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By Yuri Takahashi
On 27 August 2019, ANU's School of Culture, History and Language presented a public lecture inviting two representative writers currently active in Myanmar, Ju and Sabal Phyu Nu. This was the first lecture in the history of ANU to discuss Burmese language literature, delivered by two very celebrated professional Burmese writers.
Ju’s first novel, Ahmat Ta Ya (Remembrance, 1987), describing the daily lives of lovers living in Yangon, was an instant bestseller, and she is now one of the most popular and influential writers in Myanmar, with many of her novels being adapted for blockbuster movies. Sabal Phyu Nu is an emerging writer from Myanmar's new generation. She has twice won Myanmar’s prestigious National Literary Prize, while her children's literature series, featuring eight-year-old girl Elni is also very popular.
Ju, Sabal Phyu Nu, Yuri and attendants of the day
The lecture attracted an enthusiastic audience, including the Myanmar Ambassador to Australia H.E. Tha Aung Nyun and his wife Mar Mar Kyaw. The program began with Dr Yuri Takahashi's introduction, following which Professor Simon Haberle, Director, CHL, greeted the Ambassador and all the guests. Alistair MacGillivray, a student of Dr Takahashi's Burmese course, then presented an Indigenous Australian folktale, The Rainbow Serpent, in Burmese.
Simon, Myanmar Ambassador, Alistair and Ji-Won
The lecture was delivered twice, first in English and then in Burmese. At the start of the Burmese section, another student of the Burmese course, Ji-Won Kim, presented the Aboriginal folktale The Crane and the Crow. Both student presentations were loved and appreciated by the audience.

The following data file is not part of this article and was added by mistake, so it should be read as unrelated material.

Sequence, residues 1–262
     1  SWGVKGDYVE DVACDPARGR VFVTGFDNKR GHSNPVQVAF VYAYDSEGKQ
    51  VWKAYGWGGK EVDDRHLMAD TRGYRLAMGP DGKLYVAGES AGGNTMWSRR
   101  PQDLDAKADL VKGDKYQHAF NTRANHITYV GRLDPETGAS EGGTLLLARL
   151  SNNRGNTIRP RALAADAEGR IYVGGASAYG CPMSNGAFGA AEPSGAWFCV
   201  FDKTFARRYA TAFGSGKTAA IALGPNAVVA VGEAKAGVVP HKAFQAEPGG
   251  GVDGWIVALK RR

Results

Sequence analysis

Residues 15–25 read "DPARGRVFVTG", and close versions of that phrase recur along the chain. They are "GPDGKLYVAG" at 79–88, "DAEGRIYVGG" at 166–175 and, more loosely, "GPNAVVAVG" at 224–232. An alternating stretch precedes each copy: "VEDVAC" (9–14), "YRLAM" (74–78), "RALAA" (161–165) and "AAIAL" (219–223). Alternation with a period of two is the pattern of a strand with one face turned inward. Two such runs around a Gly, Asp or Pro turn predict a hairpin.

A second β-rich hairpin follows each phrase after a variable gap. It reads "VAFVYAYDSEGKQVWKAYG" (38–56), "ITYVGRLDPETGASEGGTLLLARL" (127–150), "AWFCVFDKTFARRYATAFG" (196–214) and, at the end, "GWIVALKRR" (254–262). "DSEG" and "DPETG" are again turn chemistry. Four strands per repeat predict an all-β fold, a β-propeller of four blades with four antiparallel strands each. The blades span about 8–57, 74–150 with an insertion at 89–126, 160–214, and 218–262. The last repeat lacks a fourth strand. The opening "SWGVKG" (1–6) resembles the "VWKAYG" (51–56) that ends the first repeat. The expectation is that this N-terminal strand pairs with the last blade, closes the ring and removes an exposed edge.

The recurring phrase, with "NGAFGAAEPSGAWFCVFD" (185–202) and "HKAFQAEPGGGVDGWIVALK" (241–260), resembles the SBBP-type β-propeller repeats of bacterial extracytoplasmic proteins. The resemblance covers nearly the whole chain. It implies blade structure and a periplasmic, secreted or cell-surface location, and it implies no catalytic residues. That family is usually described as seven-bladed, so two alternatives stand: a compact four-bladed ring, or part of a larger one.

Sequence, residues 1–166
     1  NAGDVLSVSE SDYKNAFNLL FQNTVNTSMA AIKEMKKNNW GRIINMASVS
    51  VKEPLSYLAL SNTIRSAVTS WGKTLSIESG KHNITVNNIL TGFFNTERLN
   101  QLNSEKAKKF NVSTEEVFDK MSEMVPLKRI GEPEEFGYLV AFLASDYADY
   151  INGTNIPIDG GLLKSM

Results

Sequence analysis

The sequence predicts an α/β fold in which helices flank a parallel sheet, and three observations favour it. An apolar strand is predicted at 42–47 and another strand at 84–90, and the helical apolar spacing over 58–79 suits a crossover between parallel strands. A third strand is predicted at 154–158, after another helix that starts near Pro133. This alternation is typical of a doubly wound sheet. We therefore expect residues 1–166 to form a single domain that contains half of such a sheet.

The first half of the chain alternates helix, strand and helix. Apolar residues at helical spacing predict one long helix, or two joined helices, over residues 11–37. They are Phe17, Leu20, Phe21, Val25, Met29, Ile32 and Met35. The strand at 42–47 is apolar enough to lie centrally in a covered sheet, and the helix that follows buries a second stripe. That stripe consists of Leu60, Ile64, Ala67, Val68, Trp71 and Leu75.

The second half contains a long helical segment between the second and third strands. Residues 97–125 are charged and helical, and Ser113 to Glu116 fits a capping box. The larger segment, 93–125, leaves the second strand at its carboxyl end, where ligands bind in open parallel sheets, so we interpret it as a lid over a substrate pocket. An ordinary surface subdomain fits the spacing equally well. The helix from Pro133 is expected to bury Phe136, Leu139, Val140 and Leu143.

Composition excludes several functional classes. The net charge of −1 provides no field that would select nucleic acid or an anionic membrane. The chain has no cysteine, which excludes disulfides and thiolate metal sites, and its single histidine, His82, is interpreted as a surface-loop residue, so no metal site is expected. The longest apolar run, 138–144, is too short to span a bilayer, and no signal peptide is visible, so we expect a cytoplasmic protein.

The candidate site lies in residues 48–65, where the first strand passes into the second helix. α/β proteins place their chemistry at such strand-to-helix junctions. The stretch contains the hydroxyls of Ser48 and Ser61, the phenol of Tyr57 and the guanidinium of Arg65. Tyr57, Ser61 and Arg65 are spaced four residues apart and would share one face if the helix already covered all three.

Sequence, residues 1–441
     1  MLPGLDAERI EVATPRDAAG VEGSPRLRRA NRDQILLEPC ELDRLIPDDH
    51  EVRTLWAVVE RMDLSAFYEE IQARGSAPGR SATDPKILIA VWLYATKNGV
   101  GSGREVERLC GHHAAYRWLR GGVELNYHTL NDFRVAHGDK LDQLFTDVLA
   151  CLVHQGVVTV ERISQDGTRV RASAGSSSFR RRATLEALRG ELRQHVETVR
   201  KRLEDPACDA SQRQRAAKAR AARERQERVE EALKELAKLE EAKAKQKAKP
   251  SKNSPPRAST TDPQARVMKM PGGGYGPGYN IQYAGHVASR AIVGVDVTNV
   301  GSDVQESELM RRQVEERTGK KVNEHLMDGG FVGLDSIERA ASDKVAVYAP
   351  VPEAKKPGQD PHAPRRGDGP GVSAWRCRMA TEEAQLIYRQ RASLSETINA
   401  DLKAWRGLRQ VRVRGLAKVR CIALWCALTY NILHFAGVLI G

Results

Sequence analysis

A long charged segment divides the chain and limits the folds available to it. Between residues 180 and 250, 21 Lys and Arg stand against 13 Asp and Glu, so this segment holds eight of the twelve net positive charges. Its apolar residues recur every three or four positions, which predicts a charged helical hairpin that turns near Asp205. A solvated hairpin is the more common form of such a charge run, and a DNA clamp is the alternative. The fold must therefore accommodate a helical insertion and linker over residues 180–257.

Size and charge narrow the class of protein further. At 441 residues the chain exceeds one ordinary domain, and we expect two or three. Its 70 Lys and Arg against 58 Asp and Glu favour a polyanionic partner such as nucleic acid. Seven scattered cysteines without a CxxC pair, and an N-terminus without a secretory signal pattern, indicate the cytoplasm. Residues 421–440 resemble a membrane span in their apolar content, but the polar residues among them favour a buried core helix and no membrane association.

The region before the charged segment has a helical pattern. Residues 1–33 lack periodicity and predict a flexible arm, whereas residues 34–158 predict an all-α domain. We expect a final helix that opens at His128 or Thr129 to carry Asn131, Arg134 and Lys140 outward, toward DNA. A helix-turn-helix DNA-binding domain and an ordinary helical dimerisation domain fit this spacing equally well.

Ju discussed the history of nature appreciation as seen in many Burmese literary works, from classical poems to modern novels. She also pointed out that some works, published in the 1950s and 1960s, foresaw and warned about possible future environmental destruction. She is now also well-known as an environmental activist. Sabal Phyu Nu talked about the decreasing publication of Burmese novels after the 1980s, due largely to the ongoing censorship system; she spoke about how after censorship was lifted in 2012, there's been a new wave of novels increasingly published since 2017.
The abolishment of the censorship system was an important milestone for modern Burmese literature, media, publishing and education. As we can learn from Ju’s success, it is important to remember that Myanmar's population always supported Burmese literature and continued enjoying reading, despite the ongoing censorship. It will be interesting to watch the trend and see how Burmese writing continues to develop the Burmese literary world in the future.
The organiser of this event, Dr Yuri Takahashi, would like to thank the staff of CHL, CHL Language Program, ANU Myanmar Research Centre, students of the ANU Burmese Program, ANU Myanmar Students Association, Myanmar Embassy, the Myanmar community in Canberra’ and The University of Sydney, which invited the two writers to their World Literature and Global South Conference, at which Dr Yuri Takahashi also presented.
Sabal Phyu Nu